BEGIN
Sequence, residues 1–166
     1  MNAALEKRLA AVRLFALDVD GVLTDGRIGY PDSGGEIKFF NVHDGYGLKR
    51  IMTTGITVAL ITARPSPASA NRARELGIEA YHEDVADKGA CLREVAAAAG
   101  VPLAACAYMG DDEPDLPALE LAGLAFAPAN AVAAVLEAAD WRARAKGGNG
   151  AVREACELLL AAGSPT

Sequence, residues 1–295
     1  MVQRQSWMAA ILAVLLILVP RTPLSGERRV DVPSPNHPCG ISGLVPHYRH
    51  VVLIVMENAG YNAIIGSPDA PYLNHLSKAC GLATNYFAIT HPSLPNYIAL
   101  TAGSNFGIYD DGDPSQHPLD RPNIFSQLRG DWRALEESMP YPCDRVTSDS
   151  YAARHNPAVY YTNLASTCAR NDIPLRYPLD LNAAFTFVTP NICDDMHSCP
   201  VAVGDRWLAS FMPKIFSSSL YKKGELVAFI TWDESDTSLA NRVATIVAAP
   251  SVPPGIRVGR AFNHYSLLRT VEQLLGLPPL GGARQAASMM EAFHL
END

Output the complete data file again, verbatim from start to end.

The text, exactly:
Sequence, residues 1–166
     1  MNAALEKRLA AVRLFALDVD GVLTDGRIGY PDSGGEIKFF NVHDGYGLKR
    51  IMTTGITVAL ITARPSPASA NRARELGIEA YHEDVADKGA CLREVAAAAG
   101  VPLAACAYMG DDEPDLPALE LAGLAFAPAN AVAAVLEAAD WRARAKGGNG
   151  AVREACELLL AAGSPT

Sequence, residues 1–295
     1  MVQRQSWMAA ILAVLLILVP RTPLSGERRV DVPSPNHPCG ISGLVPHYRH
    51  VVLIVMENAG YNAIIGSPDA PYLNHLSKAC GLATNYFAIT HPSLPNYIAL
   101  TAGSNFGIYD DGDPSQHPLD RPNIFSQLRG DWRALEESMP YPCDRVTSDS
   151  YAARHNPAVY YTNLASTCAR NDIPLRYPLD LNAAFTFVTP NICDDMHSCP
   201  VAVGDRWLAS FMPKIFSSSL YKKGELVAFI TWDESDTSLA NRVATIVAAP
   251  SVPPGIRVGR AFNHYSLLRT VEQLLGLPPL GGARQAASMM EAFHL